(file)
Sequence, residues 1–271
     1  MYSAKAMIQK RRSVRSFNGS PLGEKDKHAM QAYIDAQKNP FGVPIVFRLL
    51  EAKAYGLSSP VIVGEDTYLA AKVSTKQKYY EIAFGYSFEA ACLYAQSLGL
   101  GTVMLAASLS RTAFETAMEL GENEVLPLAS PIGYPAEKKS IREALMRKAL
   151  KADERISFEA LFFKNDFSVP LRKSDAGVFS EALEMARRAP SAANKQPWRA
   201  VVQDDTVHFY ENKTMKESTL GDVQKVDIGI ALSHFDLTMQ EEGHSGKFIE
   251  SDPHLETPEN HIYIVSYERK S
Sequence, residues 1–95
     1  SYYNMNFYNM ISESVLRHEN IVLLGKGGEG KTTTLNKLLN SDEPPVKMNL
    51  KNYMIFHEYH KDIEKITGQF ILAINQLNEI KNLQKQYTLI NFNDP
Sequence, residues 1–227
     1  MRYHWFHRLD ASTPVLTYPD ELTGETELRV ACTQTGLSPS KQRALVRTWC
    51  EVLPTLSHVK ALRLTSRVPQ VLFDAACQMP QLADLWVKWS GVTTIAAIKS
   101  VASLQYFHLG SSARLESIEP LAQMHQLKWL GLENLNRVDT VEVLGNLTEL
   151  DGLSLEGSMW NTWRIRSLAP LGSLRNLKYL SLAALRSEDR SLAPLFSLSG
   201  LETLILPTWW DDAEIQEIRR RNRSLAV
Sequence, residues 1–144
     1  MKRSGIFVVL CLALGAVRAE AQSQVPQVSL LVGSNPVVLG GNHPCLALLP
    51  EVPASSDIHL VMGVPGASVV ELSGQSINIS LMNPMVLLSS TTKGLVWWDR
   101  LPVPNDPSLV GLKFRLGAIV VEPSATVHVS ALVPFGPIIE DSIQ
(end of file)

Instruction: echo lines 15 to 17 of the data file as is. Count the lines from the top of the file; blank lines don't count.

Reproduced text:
   151  DGLSLEGSMW NTWRIRSLAP LGSLRNLKYL SLAALRSEDR SLAPLFSLSG
   201  LETLILPTWW DDAEIQEIRR RNRSLAV
Sequence, residues 1–144